It has been said that being a good parent involves first learning to have your child around you 24/7 and then learning to let them go. I think raising seedlings is very similar. At first giving them all the attention they need to have the best possible start is the vital thing. But soon it’s the letting them go that’s important, particularly when prize seedlings that have been nurtured for two months are about to face the outdoor world. As the grand day approaches, the last thing you want is a late frost killing them off, so learning how to ‘let them go’ is crucial...
‘Hardening off’ is the vital process of getting seedlings ready for the big outdoors. Without this vital step it is all too easy to lose precious plants or have them wilt from the sudden change in conditions between a warm windowsill and a draughty garden. How best to harden plants off is the subject of much debate amongst experienced gardeners, so I thought I would round up the best advice available:
Seedlings need to be gradually introduced to the outdoors in stages over a period of at least a week and preferably two. This generally involves taking them outside for just a couple of hours each day at first and then gradually lengthening that time until they are ready to spend a whole day and eventually nights out. This time is required for them to adjust due to the:
- Greater range of temperatures outside
- Chill factor, moisture loss and buffeting of moving air
- Greater variation in water supply due to the above factors which increase evaporation from plants outside
- Direct strong sunlight which can scorch young tender leaves
To ease this transition, an intermediate stage can be introduced – either a greenhouse, cold frame or row cover. Cold frames and greenhouses have the advantage that they can be opened up more and more over a few days, providing a further element of control.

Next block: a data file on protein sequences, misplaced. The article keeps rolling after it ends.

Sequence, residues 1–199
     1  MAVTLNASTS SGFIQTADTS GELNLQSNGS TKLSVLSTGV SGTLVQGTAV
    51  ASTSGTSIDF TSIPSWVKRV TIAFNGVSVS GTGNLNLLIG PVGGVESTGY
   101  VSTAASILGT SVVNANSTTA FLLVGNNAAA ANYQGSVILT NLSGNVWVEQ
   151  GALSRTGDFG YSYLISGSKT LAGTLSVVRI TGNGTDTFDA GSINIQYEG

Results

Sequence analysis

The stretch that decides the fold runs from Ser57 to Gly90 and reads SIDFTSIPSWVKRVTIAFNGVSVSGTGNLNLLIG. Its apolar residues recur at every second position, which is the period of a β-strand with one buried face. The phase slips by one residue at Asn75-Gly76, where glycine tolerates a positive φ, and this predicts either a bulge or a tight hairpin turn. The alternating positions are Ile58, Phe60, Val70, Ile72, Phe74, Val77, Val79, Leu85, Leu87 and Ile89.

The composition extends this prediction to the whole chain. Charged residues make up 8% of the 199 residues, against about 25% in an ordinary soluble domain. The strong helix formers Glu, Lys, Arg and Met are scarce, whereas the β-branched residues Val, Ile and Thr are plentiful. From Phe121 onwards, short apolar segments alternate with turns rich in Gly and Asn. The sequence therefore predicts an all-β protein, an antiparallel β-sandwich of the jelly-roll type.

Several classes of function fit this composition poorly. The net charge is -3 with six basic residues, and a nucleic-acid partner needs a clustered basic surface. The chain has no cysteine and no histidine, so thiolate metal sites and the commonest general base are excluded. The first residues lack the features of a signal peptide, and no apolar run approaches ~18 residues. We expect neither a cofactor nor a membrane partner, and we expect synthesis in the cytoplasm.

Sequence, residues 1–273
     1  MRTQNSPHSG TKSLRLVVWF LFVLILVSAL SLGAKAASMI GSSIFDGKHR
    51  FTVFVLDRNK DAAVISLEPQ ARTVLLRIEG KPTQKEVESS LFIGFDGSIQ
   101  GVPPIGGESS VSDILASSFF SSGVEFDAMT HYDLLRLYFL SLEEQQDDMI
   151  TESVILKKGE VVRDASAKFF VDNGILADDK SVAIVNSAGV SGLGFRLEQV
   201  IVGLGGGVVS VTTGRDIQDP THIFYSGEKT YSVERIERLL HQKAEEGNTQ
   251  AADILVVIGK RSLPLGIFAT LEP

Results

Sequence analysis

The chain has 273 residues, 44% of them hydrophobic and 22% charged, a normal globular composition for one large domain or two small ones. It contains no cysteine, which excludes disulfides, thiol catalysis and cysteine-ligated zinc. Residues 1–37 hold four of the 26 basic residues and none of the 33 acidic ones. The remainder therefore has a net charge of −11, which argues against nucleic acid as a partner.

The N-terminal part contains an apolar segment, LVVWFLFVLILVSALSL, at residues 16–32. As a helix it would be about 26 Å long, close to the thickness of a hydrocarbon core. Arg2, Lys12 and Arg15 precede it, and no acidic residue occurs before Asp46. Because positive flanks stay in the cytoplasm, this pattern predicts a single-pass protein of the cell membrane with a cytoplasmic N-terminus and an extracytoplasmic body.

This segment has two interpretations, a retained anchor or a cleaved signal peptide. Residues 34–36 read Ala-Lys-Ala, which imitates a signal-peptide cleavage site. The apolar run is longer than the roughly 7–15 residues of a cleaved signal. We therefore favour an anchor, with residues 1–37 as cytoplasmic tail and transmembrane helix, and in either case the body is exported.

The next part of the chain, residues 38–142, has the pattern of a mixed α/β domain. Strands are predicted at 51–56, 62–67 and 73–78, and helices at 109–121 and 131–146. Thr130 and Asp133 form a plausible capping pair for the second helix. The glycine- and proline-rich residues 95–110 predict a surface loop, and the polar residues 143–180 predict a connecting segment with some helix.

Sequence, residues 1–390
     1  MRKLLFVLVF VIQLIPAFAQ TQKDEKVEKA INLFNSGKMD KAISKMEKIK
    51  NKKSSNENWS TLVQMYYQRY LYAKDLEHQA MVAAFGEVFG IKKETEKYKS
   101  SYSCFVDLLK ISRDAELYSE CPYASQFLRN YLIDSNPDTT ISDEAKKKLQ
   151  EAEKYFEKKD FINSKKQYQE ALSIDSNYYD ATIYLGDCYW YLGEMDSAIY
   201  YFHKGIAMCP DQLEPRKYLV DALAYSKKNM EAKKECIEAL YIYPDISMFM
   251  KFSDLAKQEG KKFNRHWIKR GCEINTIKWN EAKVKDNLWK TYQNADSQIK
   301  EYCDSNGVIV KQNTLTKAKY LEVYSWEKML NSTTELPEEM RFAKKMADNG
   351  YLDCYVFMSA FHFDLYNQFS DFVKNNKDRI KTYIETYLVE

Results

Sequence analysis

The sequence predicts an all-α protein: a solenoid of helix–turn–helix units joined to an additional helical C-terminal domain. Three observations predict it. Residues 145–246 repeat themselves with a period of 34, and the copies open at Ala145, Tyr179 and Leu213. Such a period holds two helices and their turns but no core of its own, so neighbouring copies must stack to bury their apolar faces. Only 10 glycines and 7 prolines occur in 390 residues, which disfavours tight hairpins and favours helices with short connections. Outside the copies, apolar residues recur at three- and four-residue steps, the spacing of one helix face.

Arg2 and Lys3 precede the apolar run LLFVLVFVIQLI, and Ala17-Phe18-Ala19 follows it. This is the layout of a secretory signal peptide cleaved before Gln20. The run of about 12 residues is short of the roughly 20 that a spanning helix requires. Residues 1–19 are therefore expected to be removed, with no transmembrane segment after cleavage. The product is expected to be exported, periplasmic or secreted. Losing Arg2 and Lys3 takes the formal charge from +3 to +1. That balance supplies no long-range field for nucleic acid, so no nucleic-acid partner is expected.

Personally, I move my plants into my greenhouse for increasing amounts of time. Over the last two weeks they have gone from a couple of hours in the weak morning sunshine to whole days out and now finally overnight when a frost doesn’t look likely. As my greenhouse is unheated, the transition from there to outdoors will be easier and will probably just take a weekend. I now have tomato plants, looking healthy and strong, surviving an overnight low of 40 degrees Fahrenheit (4 degrees Celsius) and ready for potting up or planting in the greenhouse bed.
Here are some tips I’ve found useful:
- Watch the weather closely – the best time to harden plants off is on wet or overcast days under cover of a greenhouse or cold frame. Overcast days don’t stress the plants with high afternoon temperatures and are unlikely to produce hard frosts at night.
- Once hardened off and planted out, still watch the weather – even if a late frost is forecast, plants can be covered with fleece or bubble-wrap and still survive
- When taking plants outside, don’t place them on the ground where slugs can access them or birds can knock them over looking for grubs.
- At first, limit the amount of direct sunlight they receive – choosing a place which is shaded in the afternoon.
- I always ‘hedge my bets’ and keep a few plants back inside as an insurance policy, just in case an unexpected frost kills the main batch off
One tip I haven’t tried is ‘tickling’ tomato plants. It sounds crazy but some people swear by it – just brushing the tops of tomato seedlings with your hand or a piece of paper a couple of times each day is said to toughen them up a bit before hardening them off properly. Apparently there is some research to support this method, though it could all be down to the extra vigilance of regularly checking up on the plants while doing so!
Whatever happens, it’s rapidly approaching that time to let them go and let the real growing begin. Roll on the warmer weather!